University status doesn't diminish quality of teaching

June 26, 2008|By Kevin J. Manning

America has a very diverse system of higher education. Students can choose from among community colleges, liberal arts colleges or universities. Those classifications include a rich mosaic of opportunities rooted in a history of change.

When comparing universities and colleges, only the division of the academic enterprise clearly stands out as a difference. Some universities offer a research focus, but out of the 4,200 higher-education institutions in the United States, only a small number have an exclusive model of scholarship. Whitman College President George S. Bridges indicated in a Sun commentary that liberal arts colleges alone offer the means to "exceptional teaching." But here at Stevenson University, we believe quality teaching and a core curriculum are the benchmarks of a first-rate education in all institutions, including universities.

A strong curriculum recognizes that judgment, insight and intellectual curiosity about life and people benefit accountants and nurses as much as they do philosophers and historians. Whether the graduate of a college or university, the best-educated professionals are grounded in common sense and good judgment, both derived from a study of arts and humanities.

In the same way that we can't say liberal arts colleges do not pursue scholarly research, neither can we say that research universities do not value quality teaching. All institutions of higher education play a critical role in serving a nation of extraordinary richness and complexity. In fact, since the founding of Harvard in 1636, higher education has evolved from private institutions to public land-grant institutions to today's distinctive public and private colleges and universities.

Villa Julie College, a 60-year-old independent college with a strong career focus, recently announced its university status and a name change to Stevenson University. This decision followed a thoughtful, four-year study initiated by a large team of engaged faculty and staff and including open communication with diverse internal and external constituents. The decision was not made lightly - the board of trustees played a considerable role, and administrators committed budget resources and significant amounts of time.

For Stevenson, two very significant facts drove the change to university status. First, undergraduate enrollment has grown from approximately 1,400 students in 2000 to an anticipated 2,650 students this fall. Our graduate education programs, offered both on site and online, also continue to grow. Second, we established a second campus in 2004 because of sustained enrollment growth. A thriving, 80-acre campus has developed in Owings Mills, six miles away from our 64-acre founding campus in Stevenson. A 60,000-square-foot School of Business and Leadership will open this fall at Owings Mills.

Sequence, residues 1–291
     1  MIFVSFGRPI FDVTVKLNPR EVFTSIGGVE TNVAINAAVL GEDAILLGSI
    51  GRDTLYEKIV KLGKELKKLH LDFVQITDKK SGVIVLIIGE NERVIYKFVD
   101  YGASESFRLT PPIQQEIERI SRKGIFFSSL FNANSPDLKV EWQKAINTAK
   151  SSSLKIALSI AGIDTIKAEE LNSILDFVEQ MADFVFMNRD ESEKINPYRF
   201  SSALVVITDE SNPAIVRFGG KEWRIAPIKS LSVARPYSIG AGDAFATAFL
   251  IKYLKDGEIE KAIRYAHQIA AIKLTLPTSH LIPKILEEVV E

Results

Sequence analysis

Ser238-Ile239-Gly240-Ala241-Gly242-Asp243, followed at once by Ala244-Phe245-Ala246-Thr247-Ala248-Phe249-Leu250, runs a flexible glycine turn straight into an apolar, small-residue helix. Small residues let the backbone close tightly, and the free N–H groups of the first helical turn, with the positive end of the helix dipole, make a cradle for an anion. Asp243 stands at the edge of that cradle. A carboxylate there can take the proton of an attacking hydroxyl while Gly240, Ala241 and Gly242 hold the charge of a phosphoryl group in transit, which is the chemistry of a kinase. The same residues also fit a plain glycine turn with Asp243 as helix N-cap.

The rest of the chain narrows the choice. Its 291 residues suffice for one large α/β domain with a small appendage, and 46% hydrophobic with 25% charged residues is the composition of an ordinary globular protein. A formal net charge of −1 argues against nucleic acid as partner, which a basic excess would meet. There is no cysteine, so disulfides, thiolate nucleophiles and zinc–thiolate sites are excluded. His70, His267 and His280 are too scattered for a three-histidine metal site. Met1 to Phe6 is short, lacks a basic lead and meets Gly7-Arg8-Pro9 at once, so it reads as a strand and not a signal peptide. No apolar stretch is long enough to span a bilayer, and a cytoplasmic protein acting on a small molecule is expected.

The board and leadership at Stevenson University concluded that continuing to provide quality personal instruction to our students required a different structure. The university model seemed appropriate in many ways but did not signal a change in our mission. Stevenson University will primarily be a teaching university. Graduate students will not teach, nor will they or faculty engage in extensive research.

Becoming a university does not signify a decline in commitment to a liberal arts education. In fact, several years ago, our faculty spent an entire year analyzing our liberal arts curriculum. We rank exposure to the liberal arts as the most important aspect of higher education within our career-focused education. The high-caliber organizations that ultimately employ our graduates agree.

We live in a dynamic and exciting time. Our society desperately needs both liberal arts colleges and larger universities. America will settle for nothing less. We will resolve the historic tension in higher education between being inclusive and exclusive only by providing diverse educational opportunities.

The growth of America and the broader society needs this choice and opportunity in order to continue to adapt to a modern culture. By working together, colleges and universities can influence an independent, thoughtful and intellectual maturity in our 21st-century graduates. For this reason, our system of higher education remains a leader throughout the world.

Kevin J. Manning is president of Stevenson University. His e-mail is

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